A steep decline in petrol costs last month sent the UK inflation rate plummeting to a four year low of 1.7%, office statistics have indicated.
The fall represents the second consecutive month that the Consumer Prices index rate has been lower than the Bank of Englandís previous goal of 2%, having dropped to 1.9% in January.
And the rate displayed on the CPIís measuring counterpart, the Retail Prices Index, also dropped to 2.7% in February, down from the previous 2.8% displayed in January.
The Office for National Statistics (ONS) has primarily attributed the fall on both indexes to the downward trajectory of petrol prices between January and February, with it estimated that they dropped by 0.8p per litre in the period between
January and February this year, which is substantially lower than the 4% rise in petrol prices that occurred during the same period in 2013.
The ONS also disclosed that diesel prices had fallen by 0.8p per litre between January and February, compared to a 3.7% rise at the same point last year.
Other factors that were given to explain the fall in inflation were the slow rate, in which energy prices and clothing costs increased at, as well as footwear and other retail goods.
Real wages begin to pick up
The news of yet another decrease in the rate of inflation will be welcomed by working class and ësqueezedí households, who have seen the gap between wage rises and the cost of living shorten in recent times.
The stagnant rise in worker wages over the past two years, at a rate slower than the increase in inflation has prompted a number of economists and opposition politicians to describe the UK as being in a ëcost of living crisisí, in which households incomes have been ësqueezedí to the brink due to a persistent decline in their real value and spending power.
However, the ONS has identified that wages rose on average by 1.4% in the three months to January, compared to the previous 12 months.
Private sector employeeís were indicated to have been the greatest beneficiaries of the upturn in the trajectory of worker wages, with the ONS identifying that their wages rose by 1.7% in the past three months, marking a significant landmark in which the rise in worker wages have actually caught up with inflation, as described by the Consumer Price Index.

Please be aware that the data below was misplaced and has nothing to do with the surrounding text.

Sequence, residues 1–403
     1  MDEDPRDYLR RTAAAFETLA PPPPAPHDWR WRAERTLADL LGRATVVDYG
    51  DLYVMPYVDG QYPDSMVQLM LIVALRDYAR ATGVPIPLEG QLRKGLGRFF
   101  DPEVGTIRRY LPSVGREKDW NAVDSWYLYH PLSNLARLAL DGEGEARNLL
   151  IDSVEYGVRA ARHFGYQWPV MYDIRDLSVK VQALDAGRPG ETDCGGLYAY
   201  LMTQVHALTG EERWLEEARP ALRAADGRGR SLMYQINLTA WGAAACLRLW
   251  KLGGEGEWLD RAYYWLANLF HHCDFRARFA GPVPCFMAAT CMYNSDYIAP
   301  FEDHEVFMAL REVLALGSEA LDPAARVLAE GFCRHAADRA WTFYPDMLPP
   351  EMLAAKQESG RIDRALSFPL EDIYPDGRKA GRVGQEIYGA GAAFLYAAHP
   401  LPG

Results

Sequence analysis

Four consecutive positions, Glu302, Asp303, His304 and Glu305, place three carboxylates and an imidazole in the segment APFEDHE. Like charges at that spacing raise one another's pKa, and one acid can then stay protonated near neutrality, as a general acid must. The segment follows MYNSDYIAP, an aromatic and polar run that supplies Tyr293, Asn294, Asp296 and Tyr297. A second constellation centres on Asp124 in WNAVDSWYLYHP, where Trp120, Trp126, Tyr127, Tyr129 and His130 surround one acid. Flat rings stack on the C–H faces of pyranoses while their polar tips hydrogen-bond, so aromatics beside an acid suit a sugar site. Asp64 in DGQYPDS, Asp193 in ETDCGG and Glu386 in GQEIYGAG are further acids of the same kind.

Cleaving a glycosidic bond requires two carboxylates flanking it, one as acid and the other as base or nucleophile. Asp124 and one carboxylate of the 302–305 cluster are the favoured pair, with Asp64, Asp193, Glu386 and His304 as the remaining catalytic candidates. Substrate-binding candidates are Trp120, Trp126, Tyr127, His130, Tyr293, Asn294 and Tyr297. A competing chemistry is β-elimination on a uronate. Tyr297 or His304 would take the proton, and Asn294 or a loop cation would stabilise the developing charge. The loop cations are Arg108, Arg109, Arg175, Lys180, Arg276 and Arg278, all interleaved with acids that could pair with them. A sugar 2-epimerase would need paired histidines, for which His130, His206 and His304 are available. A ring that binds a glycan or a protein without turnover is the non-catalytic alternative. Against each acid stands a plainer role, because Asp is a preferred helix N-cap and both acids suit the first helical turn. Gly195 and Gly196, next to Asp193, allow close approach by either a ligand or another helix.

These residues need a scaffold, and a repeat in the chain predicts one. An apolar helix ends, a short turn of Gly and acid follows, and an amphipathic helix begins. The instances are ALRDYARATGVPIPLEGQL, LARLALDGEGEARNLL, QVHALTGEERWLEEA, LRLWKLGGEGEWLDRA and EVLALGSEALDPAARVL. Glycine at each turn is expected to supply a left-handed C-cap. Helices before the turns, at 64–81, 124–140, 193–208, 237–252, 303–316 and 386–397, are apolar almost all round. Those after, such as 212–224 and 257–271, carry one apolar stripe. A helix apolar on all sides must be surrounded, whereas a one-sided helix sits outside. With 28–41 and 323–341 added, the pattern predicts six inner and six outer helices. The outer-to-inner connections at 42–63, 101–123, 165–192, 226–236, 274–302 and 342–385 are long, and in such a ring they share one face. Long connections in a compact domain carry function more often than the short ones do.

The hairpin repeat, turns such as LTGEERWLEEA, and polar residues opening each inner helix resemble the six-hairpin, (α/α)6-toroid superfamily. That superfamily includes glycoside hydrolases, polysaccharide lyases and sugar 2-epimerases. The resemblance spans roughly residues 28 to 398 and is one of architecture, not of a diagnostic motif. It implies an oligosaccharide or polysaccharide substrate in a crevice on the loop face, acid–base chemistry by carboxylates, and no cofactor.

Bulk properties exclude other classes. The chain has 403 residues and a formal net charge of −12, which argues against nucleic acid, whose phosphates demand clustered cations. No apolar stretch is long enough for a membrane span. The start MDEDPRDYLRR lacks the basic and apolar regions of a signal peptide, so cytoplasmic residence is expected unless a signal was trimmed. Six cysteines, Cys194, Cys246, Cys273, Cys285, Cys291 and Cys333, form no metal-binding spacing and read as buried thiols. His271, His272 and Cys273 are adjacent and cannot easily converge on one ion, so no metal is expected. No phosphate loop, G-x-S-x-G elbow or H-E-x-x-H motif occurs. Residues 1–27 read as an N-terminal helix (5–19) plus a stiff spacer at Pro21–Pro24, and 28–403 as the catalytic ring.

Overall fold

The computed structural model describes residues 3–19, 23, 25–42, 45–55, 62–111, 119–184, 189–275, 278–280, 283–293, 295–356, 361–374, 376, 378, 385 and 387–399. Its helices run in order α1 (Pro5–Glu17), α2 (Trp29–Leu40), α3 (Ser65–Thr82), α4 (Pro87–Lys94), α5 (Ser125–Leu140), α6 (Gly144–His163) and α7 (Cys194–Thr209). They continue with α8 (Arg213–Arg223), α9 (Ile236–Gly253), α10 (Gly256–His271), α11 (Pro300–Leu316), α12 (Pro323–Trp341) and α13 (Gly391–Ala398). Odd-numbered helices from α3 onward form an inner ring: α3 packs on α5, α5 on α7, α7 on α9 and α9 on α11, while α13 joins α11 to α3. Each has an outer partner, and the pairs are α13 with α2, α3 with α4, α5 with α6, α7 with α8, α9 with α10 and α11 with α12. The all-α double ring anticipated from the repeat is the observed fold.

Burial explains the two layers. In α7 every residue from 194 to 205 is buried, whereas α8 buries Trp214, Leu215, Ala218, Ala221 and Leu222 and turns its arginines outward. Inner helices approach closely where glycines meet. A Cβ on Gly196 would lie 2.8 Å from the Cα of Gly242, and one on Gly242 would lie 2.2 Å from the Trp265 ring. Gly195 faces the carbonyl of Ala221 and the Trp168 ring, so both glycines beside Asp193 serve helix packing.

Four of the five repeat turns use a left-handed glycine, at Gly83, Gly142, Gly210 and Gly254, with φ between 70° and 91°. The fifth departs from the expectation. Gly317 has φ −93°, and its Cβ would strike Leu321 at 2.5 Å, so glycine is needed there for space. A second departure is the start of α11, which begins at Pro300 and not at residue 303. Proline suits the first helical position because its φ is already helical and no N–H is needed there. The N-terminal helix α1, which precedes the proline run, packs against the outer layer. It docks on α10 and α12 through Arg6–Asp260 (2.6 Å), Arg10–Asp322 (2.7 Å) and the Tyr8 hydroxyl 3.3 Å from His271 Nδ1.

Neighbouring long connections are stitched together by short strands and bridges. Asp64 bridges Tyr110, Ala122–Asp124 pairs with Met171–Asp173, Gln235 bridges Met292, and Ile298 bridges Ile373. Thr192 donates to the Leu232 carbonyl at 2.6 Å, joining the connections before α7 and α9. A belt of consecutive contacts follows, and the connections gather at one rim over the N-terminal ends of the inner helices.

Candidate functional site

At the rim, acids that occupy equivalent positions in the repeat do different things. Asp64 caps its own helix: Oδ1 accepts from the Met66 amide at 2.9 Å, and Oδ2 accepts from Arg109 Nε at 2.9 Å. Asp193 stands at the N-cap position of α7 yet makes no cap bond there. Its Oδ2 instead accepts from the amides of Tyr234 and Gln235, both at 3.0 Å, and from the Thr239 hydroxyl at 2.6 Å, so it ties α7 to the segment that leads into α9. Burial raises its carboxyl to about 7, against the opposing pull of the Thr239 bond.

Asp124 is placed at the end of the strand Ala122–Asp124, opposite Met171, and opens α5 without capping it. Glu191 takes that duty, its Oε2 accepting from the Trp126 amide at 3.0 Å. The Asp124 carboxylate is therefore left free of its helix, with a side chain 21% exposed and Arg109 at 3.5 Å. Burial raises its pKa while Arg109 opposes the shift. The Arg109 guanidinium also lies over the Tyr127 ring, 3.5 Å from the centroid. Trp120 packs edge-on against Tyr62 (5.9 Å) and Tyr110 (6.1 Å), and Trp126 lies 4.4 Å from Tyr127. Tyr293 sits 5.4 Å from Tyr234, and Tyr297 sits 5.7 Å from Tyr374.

However, public sector employeeís only experienced an average of a 0.9% increase in their wages, signifying that a great deal of work still needs to be undertaken on the UKís economic recovery in order to bring the living standards of all workers back into line with the pre-recession era.
Prime Minister David Cameron argued that the data clearly indicates the success in his governmentís economic policies to get people out of welfare dependence and into work, and called for people to carry on their ëhard workí, so that the upwards trajectory is upheld, moving forward in the future.
“Our long term economic plan is helping provide stability and security for hard-working people,” he said.
Economists have outlined that the drop in the inflation rate will reinforce the Bank of Englandís stance on interest rate rises, and highlights the reality that there is no need to prematurely increase interest rates, whilst worker wages and inflation are picking up whilst they are retained at their current rate.
Howard Archer, chief UK and European economist at IHS Global Insight, forecasted that interest rates will remain at their historic low of 0.5% until at least next year, arguing that the improvement in a number of economic areas means that policymakers will not feel compelled to do so before then.
Samuel Tombs of Capital Economics speculated that the UK inflation rate could continue to drop over the course of this year, potentially falling to as low as 1% by the end of 2014.
“A favourable combination of lower import prices, flat commodity prices and recovering productivity is likely to help CPI inflation fall further, perhaps to about 1% by the end of the year,” he said.